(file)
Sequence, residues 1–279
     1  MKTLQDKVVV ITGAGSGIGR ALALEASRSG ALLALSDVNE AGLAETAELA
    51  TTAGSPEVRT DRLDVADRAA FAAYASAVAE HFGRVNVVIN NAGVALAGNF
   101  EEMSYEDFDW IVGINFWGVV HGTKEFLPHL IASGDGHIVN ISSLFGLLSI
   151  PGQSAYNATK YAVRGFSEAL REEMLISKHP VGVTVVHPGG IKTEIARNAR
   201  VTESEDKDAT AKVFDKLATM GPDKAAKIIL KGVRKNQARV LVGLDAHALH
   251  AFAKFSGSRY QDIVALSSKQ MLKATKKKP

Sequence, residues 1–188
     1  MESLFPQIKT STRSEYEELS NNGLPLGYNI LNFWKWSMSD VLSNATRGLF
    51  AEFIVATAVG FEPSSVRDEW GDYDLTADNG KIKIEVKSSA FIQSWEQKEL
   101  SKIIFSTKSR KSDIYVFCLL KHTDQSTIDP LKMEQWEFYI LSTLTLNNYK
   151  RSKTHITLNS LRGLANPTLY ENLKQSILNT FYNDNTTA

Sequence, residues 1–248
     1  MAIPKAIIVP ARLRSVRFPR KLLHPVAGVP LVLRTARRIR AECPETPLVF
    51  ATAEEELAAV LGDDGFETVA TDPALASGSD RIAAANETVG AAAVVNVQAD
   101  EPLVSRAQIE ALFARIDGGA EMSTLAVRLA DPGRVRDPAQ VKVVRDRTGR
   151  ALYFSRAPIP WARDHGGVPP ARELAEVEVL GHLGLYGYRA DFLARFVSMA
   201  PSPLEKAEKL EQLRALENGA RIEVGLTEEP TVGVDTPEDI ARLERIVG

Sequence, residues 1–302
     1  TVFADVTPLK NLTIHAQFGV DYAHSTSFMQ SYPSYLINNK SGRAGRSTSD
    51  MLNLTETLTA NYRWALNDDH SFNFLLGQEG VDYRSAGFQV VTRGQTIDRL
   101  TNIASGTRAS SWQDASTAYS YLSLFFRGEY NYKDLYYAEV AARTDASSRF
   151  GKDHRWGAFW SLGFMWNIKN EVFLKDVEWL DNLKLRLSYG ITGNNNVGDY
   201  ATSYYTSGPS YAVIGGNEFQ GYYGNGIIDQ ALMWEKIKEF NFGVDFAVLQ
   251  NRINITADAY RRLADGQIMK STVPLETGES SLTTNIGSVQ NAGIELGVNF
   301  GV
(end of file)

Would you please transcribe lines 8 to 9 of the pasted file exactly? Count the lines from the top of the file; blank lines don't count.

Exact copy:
Sequence, residues 1–188
     1  MESLFPQIKT STRSEYEELS NNGLPLGYNI LNFWKWSMSD VLSNATRGLF